Putting the coda on what I dub the Kashyyyk Erotique number is when Carroll whispers to us, "I'll tell you a secret.  I find you adorable," something which so excites Itchy that he hits the machine, causing her to repeat "I find you adorable." She goes on to deliver perhaps the most suggestive lines ever to be connected to the Star Wars myth: "I don't need to ask how you find me.  You see, I am your fantasy.  I am your experience, so experience me. I am your pleasure, so enjoy me." 

WOW, and this was a FAMILY-geared special!

Finally, she sings the first of four musical numbers, This Minute Now.

Things are rolling along when Stormtroopers, searching for Han and Chewie, burst into the Baca home.  To placate them, Dann shows one of them a large 3-D-like screen, where one Stormtrooper is entertained by The Jefferson Starship playing Light the Sky on Fire.  That seemed to do the trick for one of them, but the others aren't so easily impressed.  They look around the house, hoping to find Rebel information, so Lumpy does the logical thing: watch a cartoon about his father's exploits against the Empire!

What a sorry debut for an Icon...
This animated sequence is of an adventure Luke, Han, Chewbacca and the droids have against a sinister and mysterious figure, a bounty hunter named Boba Fett.  Fett has laid a trap for them but they manage to outwit the bounty hunter, who swears revenge.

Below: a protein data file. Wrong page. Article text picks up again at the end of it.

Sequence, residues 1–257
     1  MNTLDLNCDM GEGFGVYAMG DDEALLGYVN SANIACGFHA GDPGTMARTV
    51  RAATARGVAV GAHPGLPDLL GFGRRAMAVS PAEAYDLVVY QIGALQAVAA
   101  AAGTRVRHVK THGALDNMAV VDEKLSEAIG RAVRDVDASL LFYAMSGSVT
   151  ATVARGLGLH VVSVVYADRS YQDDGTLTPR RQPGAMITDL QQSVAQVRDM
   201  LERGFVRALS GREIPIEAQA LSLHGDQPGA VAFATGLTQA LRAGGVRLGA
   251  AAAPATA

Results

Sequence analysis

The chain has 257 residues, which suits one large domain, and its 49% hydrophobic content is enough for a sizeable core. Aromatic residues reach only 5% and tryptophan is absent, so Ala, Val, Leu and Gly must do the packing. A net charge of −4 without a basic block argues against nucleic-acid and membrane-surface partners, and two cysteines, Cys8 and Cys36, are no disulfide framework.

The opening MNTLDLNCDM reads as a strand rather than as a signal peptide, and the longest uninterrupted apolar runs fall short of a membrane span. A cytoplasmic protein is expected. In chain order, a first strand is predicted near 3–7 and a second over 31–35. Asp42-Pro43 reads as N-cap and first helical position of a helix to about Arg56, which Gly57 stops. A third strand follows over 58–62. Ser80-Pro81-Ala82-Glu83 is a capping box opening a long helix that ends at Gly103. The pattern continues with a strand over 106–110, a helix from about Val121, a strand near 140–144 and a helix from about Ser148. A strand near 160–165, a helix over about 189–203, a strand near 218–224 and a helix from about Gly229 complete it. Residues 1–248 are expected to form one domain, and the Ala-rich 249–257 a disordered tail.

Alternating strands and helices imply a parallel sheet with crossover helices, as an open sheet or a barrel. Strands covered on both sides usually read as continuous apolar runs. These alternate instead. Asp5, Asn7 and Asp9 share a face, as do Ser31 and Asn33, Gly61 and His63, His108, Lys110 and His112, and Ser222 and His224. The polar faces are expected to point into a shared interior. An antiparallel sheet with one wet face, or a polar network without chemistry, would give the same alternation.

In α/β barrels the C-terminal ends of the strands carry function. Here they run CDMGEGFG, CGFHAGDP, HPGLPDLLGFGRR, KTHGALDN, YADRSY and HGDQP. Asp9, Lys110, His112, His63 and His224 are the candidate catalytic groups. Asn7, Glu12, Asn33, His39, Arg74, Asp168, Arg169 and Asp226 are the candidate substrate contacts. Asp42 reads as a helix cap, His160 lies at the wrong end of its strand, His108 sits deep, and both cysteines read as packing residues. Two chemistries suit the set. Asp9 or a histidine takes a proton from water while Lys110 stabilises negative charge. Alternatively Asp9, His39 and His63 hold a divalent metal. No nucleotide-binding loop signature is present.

Cartoon over, Lumpy goes up and works on a voice manipulator to outwit the Stormtroopers.  For reasons known only to the Empire regular broadcasts are interrupted and everyone is forced to watch some sort of instructional video from Tatooine, which is now under curfew.  We go to the Mos Eisley Cantina, where bar owner Ackmena (Bea Arthur) politely brushes off the amorous advances of Krelman (Harvey Korman, making his THIRD appearance on the show) (3) when she learns of the curfew.  Having to force all the customers out, she gives everything one last drink on the house and sings them off with Goodnight, But Not Goodbye.  

The voice manipulator works up to a point, but one of the Stormtroopers realizes he was tricked.  Fortunately, Han and Chewie arrive just in time to get rid of said Stormtrooper.  Dann deceives the Imperial Forces by saying the Stormtrooper deserted, and now we get on to the Life Day celebrations.  The Baca clan magically don red robes and all the Wookie-Ookies join together with candles.  Luke, R2-D2 and C-3PO and Leia arrive in time too (with the latter, in the words of Hofstede, looking like she's just arrived from a three-day visit to the Planet Happy Dust), just in time for Leia to "sign" us a song, apparently some sort of Life Day Theme set to the music of the Star Wars theme. 

Side note: if Luke, Leia, and the droids managed to get to the Life Day celebrations rather easily, why didn't Han and Chewbacca just go with them?

End of Special...and End of Nightmare.

At a certain point during the "Kashyyyk Erotique" sequence, I could have sworn that Diahann Carroll actually looked frightened, as if pleading with us, 'Help, I'm trapped in Wookie Porn and I just realized what I'm involved in".   Truth be told, "Diahann Carroll in Wookie Porn" is one of the saner moments of The Star Wars Holiday Special, and that is saying a lot.